Power unites: New Yorkers come together, charge together

I love New Yorkers for the very reasons illustrated below.  In times of crisis we look out for each other…always.

Gigaom

As large parts of New York City remain in a power blackout, local bars and stores are offering up their generators to help people stay connected. Here are some scenes.

In the wake of Hurricane Sandy, the teeming streets of lower Manhattan have become an eerie, empty wasteland. Amidst the cold and the dark, the most pressing need is not for food or water — but for power to charge phones and laptops.

Fortunately, New Yorkers are looking out for each other as they always do. Outside bars and bodegas, merchants with generators are sharing them with residents who need to charge up and contact the outside world. This was the scene near Avenue A in the East Village where Percy’s Tavern set up tables with dozens of power outlets to use free of charge:

Similar scenes played out in front of hairdressers and coffee shops around the blacked out part of the city. Strangely, for this week at least, the cell phone habits of many New Yorkers resemble those of rural Africans who regularly pay small sums to charge their mobile devices from a generator.

The situation in Manhattan also highlights how, in a crisis, the city’s post-industrial economy still ultimately depends on very industrial fuels like diesel. (To see how we might one day progress beyond this, see the excellent reporting by Katie Fehrenbacher earlier this week.)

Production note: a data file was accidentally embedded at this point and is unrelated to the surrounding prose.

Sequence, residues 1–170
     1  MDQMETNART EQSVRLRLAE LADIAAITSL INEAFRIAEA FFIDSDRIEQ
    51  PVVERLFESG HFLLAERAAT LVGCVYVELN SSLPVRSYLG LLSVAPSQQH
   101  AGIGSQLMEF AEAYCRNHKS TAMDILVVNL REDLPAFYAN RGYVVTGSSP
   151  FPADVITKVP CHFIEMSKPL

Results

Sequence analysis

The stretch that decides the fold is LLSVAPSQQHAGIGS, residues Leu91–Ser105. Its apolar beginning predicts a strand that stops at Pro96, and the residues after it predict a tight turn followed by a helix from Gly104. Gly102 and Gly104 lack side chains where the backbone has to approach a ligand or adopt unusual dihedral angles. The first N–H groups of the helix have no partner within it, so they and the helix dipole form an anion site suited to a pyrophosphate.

Similar scenes played out in front of hairdressers and coffee shops around the blacked out part of the city. Strangely, for this week at least, the cell phone habits of many New Yorkers resemble those of rural Africans who regularly pay small sums to charge their mobile devices from a generator.

The situation in Manhattan also highlights how, in a crisis, the city’s post-industrial economy still ultimately depends on very industrial fuels like diesel. (To see how we might one day progress beyond this, see the excellent reporting by Katie Fehrenbacher earlier this week.)

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